English and Special Educational Needs: The view from teachers and learners

Two pilot studies preceded the development of the platform for autonomous English language learning aimed at people with Special Educational Needs.

With regard to the fact that we could not find any information about previous experience of English language teachers in working with people with disabilities, an exploratory research was conducted on a sample of participants from Portugal, Romania, Serbia and Spain. The sample included 204 teachers, 22-62 years of age. More than half of the teachers completed undergraduate academic studies, every third participant completed master academic studies, while 15 (7.4%) participants had a PhD. With regard to the Common European Framework of Reference for Languages, most participants (70.1%) considered that their English language knowledge was at a C2 level, every fifth participant believed to be at C1 level, while 8.3% of the participants considered that their English language knowledge was at B2 level.

Most of the teachers did not have any experience in working with people with disabilities. They most frequently worked with people with intellectual disability and dyslexia, occasionally with people with communication disorders and hearing impairment, while the fewest participants worked with people with autism. Adaptations of teaching materials and methods were the most commonly used strategies in working with this population. Generally, English language teachers believed that learning English was important for people with disabilities, but many of them had doubts about using VLE in everyday work. More than 80% of the participants thought they needed additional training in applying specific teaching methods and adapting the teaching process to different learning styles, as well as in using modern information technologies, especially VLE.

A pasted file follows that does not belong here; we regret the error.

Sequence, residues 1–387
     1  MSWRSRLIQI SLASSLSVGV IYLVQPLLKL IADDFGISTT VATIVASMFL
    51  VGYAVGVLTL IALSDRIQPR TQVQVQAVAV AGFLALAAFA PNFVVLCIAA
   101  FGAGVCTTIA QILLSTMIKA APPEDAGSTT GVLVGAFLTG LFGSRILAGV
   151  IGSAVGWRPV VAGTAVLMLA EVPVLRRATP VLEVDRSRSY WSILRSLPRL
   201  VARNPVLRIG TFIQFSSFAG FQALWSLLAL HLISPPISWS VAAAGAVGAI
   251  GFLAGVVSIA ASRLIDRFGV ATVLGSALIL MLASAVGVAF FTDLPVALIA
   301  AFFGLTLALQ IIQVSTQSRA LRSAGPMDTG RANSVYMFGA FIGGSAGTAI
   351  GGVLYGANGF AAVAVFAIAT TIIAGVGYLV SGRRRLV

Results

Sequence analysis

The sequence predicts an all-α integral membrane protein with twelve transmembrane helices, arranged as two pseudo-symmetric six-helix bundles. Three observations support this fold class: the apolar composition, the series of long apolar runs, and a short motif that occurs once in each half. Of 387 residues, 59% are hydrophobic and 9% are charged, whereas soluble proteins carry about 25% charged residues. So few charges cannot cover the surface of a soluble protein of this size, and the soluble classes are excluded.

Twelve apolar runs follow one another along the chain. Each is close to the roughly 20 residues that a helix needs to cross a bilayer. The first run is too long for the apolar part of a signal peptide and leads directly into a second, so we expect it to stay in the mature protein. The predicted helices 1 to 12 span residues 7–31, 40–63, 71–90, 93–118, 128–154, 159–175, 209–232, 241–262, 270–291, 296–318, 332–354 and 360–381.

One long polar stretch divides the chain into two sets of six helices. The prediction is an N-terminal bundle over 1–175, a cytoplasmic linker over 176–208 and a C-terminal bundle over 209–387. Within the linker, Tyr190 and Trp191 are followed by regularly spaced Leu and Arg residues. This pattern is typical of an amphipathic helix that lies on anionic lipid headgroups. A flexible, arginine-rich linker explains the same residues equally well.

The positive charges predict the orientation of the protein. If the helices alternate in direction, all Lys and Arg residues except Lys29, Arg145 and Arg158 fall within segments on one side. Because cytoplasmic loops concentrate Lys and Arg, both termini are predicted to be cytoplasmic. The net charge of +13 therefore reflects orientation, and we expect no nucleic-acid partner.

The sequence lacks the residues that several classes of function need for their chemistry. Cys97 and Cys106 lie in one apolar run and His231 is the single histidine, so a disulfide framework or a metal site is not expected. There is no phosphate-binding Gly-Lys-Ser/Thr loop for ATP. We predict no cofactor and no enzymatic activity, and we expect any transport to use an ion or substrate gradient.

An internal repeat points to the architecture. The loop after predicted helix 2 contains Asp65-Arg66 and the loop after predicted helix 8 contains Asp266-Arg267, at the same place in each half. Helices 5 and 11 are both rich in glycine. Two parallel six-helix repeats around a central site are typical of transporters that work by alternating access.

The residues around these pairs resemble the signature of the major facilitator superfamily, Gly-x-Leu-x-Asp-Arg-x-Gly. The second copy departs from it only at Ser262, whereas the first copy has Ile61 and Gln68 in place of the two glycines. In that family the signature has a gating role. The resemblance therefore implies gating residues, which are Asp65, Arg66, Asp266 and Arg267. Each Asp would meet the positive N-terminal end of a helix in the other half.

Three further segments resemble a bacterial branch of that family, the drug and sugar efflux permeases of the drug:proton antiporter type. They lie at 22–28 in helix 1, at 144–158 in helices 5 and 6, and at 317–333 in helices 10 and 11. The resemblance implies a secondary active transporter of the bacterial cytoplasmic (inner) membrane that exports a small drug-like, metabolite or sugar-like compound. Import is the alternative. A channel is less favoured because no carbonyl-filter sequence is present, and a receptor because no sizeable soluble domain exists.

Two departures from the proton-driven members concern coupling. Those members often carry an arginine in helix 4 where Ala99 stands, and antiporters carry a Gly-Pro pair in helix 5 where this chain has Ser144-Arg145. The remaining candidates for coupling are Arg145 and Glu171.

The aim of the second pilot study was to determine the level of English language proficiency in adults with disabilities. In Serbia, the sample included 39 participants with disabilities, of both genders, 18-59 years of age. The sample was divided into three subsamples: 14 participants with mild intellectual disability, 13 participants with visual impairment, and 12 participants with motor disability. The Spanish sample included 15 participants with mild intellectual disability, 19-27 years of age. Quick Placement Test was used to determine the level of English in both subsamples. This test determines the level of language competence, with special emphasis on structure and vocabulary.

The results showed which of the possible six levels of English each participant was at. Research results of the Serbian team indicate that the level of English language proficiency in adults with disability was generally low; that participants with motor disability had the best results, and that participants with better knowledge of English were more realistic in assessing their achievements. Most of the participants with mild intellectual disability in Spain were at A1 or A2 level, while B1 level was significantly less common, which is similar to Serbian results. The planned training should improve the general level of language competence. Special emphasis should be placed on compound verbal tenses and adequate use of verbal tenses with ready-made expressions, since the biggest problems were determined in this area of the English language

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